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Sweet and Sour Pork

This is my simple and healthy version of sweet and sour pork and will be unlike anything you would have tasted in a Chinese restaurant. I hope it’s one you will love to cook time and time again. Instead of the crunchy batter, the crunchy roasted soya beans give texture and flavour. Roasted soya beans can be found in supermarkets and health food shops, but if you can’t find them, crush some dry-roasted peanuts instead.


  • 2 pork loin steaks, fat removed

  • 2 tablespoons groundnut oil

  • lite or light soy sauce

  • a splash of shaoshing rice wine or dry sherry

  • ground white pepper

  • For the pork coating

  • 3 tablespoons roasted whole soya beans or dry roasted peanuts

  • a few pinches of ground white pepper

  • 1 teaspoon crushed dried chillies

  • For the sweet and sour sauce

  • 125g/4oz tinned pineapple, in natural juice

  • 125ml/4fl oz pineapple juice

  • 3 tablespoons freshly squeezed lime juice


  • 1.

    Put all the ingredients for the pork coating into a grinder and whiz until coarsely ground. Transfer to a bowl. Put all the ingredients for the sweet and sour sauce into a blender and whiz to a paste.

  • 2.

    Using a meat mallet or rolling pin, bash the pork steaks until halved in thickness.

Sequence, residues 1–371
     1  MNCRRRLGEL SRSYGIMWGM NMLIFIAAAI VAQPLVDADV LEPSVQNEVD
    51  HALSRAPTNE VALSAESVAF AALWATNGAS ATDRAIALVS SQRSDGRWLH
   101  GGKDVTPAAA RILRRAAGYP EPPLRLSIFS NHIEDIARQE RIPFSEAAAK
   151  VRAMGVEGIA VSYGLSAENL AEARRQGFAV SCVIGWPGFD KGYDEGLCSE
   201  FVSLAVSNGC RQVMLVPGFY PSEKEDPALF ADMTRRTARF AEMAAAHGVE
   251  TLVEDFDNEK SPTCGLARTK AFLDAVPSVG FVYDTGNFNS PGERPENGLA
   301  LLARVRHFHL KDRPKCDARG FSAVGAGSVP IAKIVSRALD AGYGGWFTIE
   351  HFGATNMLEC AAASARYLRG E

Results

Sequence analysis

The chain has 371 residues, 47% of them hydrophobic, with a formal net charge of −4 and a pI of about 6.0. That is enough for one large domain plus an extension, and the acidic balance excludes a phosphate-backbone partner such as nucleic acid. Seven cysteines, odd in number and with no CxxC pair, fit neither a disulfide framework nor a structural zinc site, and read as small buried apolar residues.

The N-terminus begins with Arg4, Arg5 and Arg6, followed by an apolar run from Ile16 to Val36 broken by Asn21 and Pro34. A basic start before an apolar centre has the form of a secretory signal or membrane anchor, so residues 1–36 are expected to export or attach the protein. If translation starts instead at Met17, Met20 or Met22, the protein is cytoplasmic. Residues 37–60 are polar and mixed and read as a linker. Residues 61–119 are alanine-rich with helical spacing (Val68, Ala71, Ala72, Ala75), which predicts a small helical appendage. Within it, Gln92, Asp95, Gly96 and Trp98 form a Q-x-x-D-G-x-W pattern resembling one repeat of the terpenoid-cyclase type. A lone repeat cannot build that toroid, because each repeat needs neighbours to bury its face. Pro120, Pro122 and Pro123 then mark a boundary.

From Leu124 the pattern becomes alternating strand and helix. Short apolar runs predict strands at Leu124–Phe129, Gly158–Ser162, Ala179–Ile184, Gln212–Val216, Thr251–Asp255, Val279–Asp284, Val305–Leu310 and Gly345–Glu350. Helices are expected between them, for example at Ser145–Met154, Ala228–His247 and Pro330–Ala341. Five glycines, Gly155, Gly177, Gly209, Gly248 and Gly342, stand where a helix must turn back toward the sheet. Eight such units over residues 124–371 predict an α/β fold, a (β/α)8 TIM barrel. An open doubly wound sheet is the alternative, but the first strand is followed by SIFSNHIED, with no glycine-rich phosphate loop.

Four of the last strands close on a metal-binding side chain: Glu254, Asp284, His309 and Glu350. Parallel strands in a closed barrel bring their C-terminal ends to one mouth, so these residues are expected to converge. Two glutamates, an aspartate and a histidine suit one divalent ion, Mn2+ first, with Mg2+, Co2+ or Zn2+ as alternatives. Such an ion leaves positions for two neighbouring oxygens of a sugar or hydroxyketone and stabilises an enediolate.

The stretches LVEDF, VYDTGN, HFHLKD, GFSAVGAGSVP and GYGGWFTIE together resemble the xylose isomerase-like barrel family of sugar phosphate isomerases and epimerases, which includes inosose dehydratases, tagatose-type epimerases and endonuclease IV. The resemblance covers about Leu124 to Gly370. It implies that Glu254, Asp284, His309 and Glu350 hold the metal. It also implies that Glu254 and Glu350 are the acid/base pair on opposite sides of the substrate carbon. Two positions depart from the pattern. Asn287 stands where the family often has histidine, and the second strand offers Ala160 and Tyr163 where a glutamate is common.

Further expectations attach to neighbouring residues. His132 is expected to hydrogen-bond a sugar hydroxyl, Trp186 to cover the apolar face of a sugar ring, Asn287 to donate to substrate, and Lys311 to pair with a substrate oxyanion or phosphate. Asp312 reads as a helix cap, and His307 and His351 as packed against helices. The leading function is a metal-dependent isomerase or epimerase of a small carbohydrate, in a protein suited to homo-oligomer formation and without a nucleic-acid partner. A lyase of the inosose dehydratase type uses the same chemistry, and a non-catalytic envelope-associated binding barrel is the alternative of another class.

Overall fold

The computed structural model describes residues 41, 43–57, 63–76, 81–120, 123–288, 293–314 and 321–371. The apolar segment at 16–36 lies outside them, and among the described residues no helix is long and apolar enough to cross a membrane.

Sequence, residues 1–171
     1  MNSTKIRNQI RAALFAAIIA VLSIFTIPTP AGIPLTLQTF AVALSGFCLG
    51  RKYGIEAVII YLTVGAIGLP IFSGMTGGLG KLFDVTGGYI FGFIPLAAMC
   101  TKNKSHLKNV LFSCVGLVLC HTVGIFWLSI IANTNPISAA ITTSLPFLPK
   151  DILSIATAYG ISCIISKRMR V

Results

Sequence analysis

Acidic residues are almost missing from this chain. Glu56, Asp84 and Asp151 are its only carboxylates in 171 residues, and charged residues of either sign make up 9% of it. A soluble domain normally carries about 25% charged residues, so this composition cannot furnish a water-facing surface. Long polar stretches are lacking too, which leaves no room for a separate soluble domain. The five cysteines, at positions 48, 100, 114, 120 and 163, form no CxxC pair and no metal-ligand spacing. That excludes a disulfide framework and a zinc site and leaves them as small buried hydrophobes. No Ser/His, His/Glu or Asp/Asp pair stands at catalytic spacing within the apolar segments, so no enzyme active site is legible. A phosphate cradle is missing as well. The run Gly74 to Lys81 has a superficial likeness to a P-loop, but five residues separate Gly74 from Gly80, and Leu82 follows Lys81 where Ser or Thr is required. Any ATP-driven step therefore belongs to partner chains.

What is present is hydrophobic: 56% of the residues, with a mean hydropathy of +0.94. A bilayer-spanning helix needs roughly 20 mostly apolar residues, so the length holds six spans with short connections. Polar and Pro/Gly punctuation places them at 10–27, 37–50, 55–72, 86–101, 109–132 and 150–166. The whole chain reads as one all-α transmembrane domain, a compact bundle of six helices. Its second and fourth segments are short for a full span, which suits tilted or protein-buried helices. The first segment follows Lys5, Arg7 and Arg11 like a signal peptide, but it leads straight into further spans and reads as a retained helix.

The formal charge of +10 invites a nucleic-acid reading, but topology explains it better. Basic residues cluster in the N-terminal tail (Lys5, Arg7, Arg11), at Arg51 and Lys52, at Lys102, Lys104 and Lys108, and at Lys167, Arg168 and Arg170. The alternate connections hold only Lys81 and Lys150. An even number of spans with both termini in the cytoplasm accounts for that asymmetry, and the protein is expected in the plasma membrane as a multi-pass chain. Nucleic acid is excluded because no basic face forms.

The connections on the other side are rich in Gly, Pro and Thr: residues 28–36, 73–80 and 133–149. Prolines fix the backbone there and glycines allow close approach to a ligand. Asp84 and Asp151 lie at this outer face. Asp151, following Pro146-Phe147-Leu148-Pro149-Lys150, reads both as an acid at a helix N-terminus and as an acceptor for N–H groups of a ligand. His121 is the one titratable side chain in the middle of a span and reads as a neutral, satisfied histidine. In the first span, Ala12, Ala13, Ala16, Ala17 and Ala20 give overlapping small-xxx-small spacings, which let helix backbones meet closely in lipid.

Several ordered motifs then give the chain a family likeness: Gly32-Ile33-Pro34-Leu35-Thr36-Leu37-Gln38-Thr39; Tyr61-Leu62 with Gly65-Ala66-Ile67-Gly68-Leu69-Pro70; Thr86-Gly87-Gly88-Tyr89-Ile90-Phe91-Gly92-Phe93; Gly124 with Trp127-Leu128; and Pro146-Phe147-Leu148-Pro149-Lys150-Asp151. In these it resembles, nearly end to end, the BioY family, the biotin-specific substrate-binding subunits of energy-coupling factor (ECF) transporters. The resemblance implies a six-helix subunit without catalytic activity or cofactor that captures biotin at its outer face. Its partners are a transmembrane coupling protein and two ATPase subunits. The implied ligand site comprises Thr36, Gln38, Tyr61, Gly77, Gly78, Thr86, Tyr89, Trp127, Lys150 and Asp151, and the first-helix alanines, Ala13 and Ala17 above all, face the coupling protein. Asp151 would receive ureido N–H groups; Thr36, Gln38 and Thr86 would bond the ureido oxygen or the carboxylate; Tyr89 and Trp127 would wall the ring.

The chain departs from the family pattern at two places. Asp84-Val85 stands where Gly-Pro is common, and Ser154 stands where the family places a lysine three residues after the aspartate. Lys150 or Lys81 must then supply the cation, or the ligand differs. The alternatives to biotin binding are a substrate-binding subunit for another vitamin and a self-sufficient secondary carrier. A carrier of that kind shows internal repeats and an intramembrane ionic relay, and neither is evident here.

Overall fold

• 3.

    Sprinkle the pork coating onto a board and press the pork steaks into the spice mix, pressing down so that the mix sticks to the meat, and coats well on both sides.

  • 4.

    Heat a wok or pan over a high heat and add the groundnut oil. Add the pork steaks and cook for 2 minutes until browned, then turn over and cook the other side for 2 minutes, or until fully cooked. Remove the steaks from the wok and put to one side in a warm place.

  • 5.

    Pour the sweet and sour sauce into the wok and cook for 1–2 minutes until the sauce has reduced and thickened naturally. Season further if required with lite soy sauce, rice wine or sherry and pepper.

  • 6.

    Serve the sauce poured over the chops, with Beijing Rice and Choi Sum Salad.



  • To help vegetables cook in the wok, add a splash or two of water to help create some “steam” whilst stir frying.

  • Use msg free products where possible.

  • Groundnut oil can be substituted with vegetable oil, sunflower oil or corn oil.

  • A large number of dishes can be adapted to suit vegetarians. Look out for where you can substitute the meat for tofu or vegetables and use vegetarian sauces.

  • Use low sodium soy sauce where possible
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